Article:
Shared Ethernet Adapter: Load Sharing or Virtual Switches?
AnthonyEnglish 270000RKFN Visits (8505)
For network redundancy, you can set up two Shared Ethernet Adapters (SEAs) - one on each Virtual I/O Server (VIOS). The two SEAs work together with one active, the other idle, so the configuration is called failover mode. This is done by a control channel - a heartbeat that works through a virtual ethernet adapter on each SEA. The failover mode is very effective, because it allows you to shut down a single VIOS and automatically have the other SEA on the alternate VIOS take the traffic. With failover mode you can use VLAN tagging, something not available on the Network Interface Backup configuration.
The failover does have one big drawback. The non-active adapter sits idle while all the traffic passes through the primary adapter. With a relatively expensive 10-GB adapter sitting idle, it seems a bit of a waste.
There is a higher availability alternative to this, as explained in the document Using Virtual Switches in PowerVM to Drive Maximum Value of 10Gb Ethernet. If you don't have time to read the whole document, have a look at Rob McNelly's summary in this AIXChange blog post in September.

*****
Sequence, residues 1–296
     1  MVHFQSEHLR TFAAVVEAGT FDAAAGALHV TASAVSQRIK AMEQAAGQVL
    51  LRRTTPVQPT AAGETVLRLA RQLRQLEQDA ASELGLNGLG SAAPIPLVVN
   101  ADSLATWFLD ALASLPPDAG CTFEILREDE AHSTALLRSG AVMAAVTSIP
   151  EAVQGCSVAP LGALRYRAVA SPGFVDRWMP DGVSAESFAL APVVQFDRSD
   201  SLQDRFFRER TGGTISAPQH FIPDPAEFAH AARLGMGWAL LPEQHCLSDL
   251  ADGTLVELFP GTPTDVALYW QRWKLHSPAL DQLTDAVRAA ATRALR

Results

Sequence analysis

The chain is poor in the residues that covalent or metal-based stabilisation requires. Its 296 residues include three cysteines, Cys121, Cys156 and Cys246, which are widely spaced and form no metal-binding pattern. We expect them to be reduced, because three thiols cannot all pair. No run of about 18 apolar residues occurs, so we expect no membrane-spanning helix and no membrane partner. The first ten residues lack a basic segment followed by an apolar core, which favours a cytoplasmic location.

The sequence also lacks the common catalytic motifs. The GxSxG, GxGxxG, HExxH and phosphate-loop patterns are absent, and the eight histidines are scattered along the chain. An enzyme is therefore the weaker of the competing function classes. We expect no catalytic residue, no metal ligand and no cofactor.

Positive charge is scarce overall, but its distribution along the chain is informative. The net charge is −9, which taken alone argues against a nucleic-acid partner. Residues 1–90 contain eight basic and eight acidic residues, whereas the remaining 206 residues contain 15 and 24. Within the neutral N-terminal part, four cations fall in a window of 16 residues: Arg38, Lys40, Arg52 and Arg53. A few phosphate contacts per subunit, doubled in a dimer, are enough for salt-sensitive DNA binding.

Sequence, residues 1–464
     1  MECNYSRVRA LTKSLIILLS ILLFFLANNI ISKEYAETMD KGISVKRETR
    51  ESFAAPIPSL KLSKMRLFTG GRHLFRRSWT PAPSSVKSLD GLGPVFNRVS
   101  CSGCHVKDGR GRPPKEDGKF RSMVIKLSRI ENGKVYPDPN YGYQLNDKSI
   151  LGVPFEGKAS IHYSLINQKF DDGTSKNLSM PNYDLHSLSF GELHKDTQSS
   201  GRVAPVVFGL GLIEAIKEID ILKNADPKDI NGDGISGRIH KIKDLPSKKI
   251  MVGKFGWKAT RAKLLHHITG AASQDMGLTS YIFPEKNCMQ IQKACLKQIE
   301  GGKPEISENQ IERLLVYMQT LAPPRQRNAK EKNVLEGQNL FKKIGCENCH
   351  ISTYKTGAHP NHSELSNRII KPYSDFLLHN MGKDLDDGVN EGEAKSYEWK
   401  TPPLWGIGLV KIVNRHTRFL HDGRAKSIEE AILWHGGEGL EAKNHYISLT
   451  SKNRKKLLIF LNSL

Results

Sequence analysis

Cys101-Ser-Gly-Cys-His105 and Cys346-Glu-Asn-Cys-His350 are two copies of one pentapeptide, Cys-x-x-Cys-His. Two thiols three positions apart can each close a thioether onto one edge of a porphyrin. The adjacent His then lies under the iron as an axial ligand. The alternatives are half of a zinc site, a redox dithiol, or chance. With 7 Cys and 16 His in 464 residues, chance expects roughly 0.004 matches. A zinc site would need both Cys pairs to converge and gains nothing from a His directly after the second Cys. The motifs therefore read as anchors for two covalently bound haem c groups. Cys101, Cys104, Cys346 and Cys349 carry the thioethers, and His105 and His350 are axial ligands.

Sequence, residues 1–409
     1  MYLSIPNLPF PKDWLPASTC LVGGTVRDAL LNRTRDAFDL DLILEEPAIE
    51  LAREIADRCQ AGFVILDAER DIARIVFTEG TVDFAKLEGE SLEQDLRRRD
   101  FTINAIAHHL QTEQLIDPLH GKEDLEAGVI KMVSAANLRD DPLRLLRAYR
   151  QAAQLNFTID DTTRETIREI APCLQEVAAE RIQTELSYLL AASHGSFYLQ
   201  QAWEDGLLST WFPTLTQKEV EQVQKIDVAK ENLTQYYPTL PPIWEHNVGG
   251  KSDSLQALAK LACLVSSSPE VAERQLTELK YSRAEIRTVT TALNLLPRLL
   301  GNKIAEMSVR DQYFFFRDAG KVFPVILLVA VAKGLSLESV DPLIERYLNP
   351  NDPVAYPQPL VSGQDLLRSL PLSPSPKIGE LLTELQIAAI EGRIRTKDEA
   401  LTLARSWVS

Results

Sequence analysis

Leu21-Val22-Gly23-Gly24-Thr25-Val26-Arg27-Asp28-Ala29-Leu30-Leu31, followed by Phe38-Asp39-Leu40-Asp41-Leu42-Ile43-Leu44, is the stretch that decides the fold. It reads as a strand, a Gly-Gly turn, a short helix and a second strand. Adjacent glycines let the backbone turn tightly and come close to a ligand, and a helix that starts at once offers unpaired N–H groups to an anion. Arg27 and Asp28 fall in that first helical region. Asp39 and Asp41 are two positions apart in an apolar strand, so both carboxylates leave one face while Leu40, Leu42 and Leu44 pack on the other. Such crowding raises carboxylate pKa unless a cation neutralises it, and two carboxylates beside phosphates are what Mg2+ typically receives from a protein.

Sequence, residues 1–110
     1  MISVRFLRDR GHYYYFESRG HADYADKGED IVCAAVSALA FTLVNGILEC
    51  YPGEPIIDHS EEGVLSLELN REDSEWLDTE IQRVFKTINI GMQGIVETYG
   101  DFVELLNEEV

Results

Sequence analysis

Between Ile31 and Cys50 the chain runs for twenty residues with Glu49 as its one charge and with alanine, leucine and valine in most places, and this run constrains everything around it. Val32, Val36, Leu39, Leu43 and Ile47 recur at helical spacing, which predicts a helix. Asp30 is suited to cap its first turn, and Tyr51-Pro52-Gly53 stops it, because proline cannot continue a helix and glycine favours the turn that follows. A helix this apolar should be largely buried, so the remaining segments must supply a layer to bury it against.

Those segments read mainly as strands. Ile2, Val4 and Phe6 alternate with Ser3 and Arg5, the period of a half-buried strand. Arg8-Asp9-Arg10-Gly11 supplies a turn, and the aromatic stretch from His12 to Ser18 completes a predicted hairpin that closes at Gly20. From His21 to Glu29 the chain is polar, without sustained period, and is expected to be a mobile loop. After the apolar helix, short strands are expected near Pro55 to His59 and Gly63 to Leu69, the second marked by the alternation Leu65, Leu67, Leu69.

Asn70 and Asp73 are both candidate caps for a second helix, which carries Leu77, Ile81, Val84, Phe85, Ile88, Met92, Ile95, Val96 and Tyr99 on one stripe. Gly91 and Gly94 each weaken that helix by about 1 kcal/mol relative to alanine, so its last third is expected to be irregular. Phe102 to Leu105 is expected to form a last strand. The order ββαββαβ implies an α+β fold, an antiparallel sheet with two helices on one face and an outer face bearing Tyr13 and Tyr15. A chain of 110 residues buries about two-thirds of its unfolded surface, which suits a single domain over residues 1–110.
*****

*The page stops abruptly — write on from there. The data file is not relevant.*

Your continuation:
The Virtual Switch solution required a Network Interface Backup (NIB) configuration on the VIO clients. This would require a primary and a backup virtual Ethernet adapter on each logical partition. This solution was inventive, but I wondered at the time whether it might get a little too complex, especially when you get to a larger number of logical partitions.
Now there is an option for configuring SEA failover (not Netwrok Interface Backup) with Load sharing mode. This means you can have both physical network adapters active, instead of one sitting idle in the marketplace, waiting to be called up for duty. This loadsharing configuration leaves any complexity on the VIOS and away from the VIO clients. You have to be running VIOS version 18.104.22.168 or later (check your version by logging in as padmin and running the ioslevel command).This saves the manual load balancing by hand which happens when you use NIB. The load sharing option looks to me to be a much more attractive option than the earlier solutions.
It's quite easy to configure SEA failover with load sharing.
For more on Virtual I/O Server Load sharing (as well as some excellent slides on the Shared Storage Pools), see here.